Smoking and Alcohol

Doctors and scientists have found a strong link between teen smoking and teen alcohol use. Though the reasons are still unclear, statistics show that teens who smoke are more likely to use alcohol and engage in other dangerous behaviors. Learn more about smoking and alcohol.

Teen smoking and teen alcohol use have declined in recent years, but far too many teens still smoke and drink alcohol, with serious impacts on their health. According to the American Psychiatric Association, about a quarter of high school seniors smoke, and almost half are regular alcohol users. In fact, there seems to be a strong connection between smoking and alcohol among teens, with teens who smoke being much more likely than non-smokers to use alcohol. Statistics from several studies and surveys clearly demonstrate this connection between teen smoking and alcohol.

A study by Columbia University's National Center on Addiction and Substance Abuse, reported by Reuters and WebMD Health News, found that:

  • 59 percent of teens who smoke also drink alcohol, compared to 11 percent of non-smoking teens who do use alcohol
  • 31 percent of teens who begin smoking by age 12 also binge drink alcohol, compared to 9 percent of teens who do not start smoking early and binge drink
  • 26 percent of teen smokers have a drug abuse or dependence problem, compared to 2 percent of non-smoking teens
  • In addition, teen smokers are 17 times more likely to use marijuana, and 7 times more likely to use other illegal drugs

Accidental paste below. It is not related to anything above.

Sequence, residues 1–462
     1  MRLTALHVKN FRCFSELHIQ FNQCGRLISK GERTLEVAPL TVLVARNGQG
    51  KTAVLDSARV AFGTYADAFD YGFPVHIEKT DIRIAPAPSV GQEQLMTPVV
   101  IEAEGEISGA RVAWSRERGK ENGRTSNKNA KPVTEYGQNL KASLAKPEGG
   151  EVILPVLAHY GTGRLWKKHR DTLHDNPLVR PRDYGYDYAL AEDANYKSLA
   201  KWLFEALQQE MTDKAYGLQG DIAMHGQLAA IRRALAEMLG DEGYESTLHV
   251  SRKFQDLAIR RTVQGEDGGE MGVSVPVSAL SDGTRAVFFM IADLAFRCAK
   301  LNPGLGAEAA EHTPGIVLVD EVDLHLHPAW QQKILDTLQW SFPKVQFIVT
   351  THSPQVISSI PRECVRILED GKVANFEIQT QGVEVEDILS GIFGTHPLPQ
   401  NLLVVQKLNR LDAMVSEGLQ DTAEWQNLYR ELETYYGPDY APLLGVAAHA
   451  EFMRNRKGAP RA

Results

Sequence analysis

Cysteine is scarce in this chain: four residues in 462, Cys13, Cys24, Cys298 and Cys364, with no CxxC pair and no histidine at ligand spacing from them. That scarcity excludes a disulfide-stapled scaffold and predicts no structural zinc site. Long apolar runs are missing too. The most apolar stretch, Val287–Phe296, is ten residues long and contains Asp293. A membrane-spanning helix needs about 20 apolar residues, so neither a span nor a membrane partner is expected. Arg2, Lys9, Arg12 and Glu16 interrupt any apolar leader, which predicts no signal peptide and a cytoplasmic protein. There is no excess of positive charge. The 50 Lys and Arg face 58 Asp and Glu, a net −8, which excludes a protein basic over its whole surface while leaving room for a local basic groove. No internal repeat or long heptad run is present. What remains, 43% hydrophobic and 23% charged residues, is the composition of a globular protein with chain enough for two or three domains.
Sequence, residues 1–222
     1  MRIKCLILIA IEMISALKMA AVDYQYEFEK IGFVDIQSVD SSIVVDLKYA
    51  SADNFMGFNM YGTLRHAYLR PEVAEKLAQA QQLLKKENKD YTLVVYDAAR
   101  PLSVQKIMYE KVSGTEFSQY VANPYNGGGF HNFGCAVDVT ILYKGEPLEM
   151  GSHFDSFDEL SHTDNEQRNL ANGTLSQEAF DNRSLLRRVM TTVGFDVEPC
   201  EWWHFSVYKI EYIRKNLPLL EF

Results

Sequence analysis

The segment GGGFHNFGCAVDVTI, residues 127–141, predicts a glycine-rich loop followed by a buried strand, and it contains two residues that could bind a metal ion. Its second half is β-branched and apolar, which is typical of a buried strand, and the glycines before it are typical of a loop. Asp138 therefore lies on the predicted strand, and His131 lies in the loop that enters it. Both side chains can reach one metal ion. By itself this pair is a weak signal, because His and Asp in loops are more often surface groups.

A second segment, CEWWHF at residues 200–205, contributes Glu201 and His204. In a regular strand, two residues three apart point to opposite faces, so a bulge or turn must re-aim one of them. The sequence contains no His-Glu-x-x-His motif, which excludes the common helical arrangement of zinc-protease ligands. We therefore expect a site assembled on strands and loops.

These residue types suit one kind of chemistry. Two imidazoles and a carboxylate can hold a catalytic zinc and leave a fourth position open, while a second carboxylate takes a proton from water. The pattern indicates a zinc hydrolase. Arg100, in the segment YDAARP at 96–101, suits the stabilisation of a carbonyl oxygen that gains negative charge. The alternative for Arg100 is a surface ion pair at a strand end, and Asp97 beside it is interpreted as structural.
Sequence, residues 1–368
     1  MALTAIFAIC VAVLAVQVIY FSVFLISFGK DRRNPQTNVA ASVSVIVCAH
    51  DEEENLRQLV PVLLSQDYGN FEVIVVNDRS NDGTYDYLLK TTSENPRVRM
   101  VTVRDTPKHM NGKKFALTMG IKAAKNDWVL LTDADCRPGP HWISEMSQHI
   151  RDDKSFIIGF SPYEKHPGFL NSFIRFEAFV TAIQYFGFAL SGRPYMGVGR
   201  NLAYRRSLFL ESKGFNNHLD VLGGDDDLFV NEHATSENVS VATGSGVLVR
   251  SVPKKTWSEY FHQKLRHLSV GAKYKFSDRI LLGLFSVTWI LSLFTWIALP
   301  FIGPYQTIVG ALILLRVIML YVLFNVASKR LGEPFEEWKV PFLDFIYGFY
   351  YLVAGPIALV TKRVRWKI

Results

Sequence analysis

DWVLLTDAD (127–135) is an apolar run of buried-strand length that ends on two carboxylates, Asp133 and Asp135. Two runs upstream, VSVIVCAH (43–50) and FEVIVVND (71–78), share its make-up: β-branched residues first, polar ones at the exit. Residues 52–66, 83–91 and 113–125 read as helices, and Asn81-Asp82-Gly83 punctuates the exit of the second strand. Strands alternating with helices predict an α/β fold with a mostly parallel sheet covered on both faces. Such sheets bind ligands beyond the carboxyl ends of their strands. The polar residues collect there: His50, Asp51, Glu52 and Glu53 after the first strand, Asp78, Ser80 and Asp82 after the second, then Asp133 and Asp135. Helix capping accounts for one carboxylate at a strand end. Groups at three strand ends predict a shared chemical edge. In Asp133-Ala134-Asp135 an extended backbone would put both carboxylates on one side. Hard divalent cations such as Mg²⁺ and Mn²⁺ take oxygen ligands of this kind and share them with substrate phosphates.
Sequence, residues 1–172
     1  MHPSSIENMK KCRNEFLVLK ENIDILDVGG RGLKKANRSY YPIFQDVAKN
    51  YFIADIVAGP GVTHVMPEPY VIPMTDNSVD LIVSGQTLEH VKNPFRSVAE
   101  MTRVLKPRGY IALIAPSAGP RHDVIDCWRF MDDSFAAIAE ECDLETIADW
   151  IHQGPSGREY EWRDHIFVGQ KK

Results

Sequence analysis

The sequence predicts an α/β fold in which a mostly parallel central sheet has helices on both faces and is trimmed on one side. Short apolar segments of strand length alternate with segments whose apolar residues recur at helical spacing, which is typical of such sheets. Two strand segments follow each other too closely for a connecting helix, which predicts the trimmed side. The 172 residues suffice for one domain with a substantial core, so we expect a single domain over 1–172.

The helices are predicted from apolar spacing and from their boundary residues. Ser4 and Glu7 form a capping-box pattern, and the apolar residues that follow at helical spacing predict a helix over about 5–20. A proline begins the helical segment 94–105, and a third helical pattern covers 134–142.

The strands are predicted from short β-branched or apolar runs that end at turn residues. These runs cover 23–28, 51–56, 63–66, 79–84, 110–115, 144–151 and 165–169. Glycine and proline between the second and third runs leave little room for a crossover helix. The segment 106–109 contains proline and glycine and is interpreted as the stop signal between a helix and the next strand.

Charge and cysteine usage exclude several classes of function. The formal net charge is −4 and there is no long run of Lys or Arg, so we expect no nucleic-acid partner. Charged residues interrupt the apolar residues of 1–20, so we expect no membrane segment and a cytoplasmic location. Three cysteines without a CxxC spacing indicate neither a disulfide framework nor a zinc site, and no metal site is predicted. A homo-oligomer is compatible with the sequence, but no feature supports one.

• The younger a teen is when they begin smoking, the more danger there is for alcohol abuse, drug addiction, depression, and other mental and physical health problems

The National Center for Tobacco-Free Kids also compiled its own statistics on smoking and alcohol use, which showed:

  • Teens who smoke are 3 times more likely to use alcohol than teens who don't smoke
  • People who smoke are 10 times more likely to have an alcohol addiction than people who don't smoke
  • 70 percent or more of people with an alcohol addiction also smoke
  • The connection between tobacco and alcohol is not limited to smoking; smokeless tobacco users are 16 times more likely to use alcohol on a regular basis than non-tobacco users

What these studies are not able to determine is why there is such a strong connection between teen smoking and alcohol use. They do offer several theories:

  • Smoking is known to alter the way a teen's mind works, and may increase a teen's vulnerability to and craving for alcohol and other drugs, increasing the risk of addiction
  • Smoking harms the teen mind and causes depression and other mental health problems like anxiety and panic disorders, which can lead to alcohol use
  • Teens who engage in one risky behavior, like smoking, may have a personality or mental health problems that makes them more likely to engage in other risky behaviors like using alcohol

Whatever the reason for the connection between smoking and alcohol, it is important for parents to talk to teens early and often about avoiding drugs and alcohol, including tobacco in all it forms. They can also set a good example by not using tobacco or alcohol in front of their teens, and by trying to quit smoking themselves.

If teens are smoking or using other forms of tobacco, parents should be aware of their increased risk for abusing alcohol or drugs. Parents can seek help for their teen who smokes, drinks, or uses drugs from a doctor or other health care professional, including community health departments.


Will Dunham, Reuters, "Smoking linked to teen alcohol, drug use: US study" [online]
Salynn Boyles, WebMD Health News, "Report links teen smoking, depression" [online]
The National Center for Tobacco-Free Kids, "Smoking and Other Drug Use" [online]
Eve Bender, American Psychiatric Association, Psychiatric News, "Trends in Teen Drinking, Smoking Continue Gradual Decline" [online]
U. S. National Library of Medicine, MedlinePlus, "Smoking and Youth" [online]

Related Article: Teen Smoking Statistics >>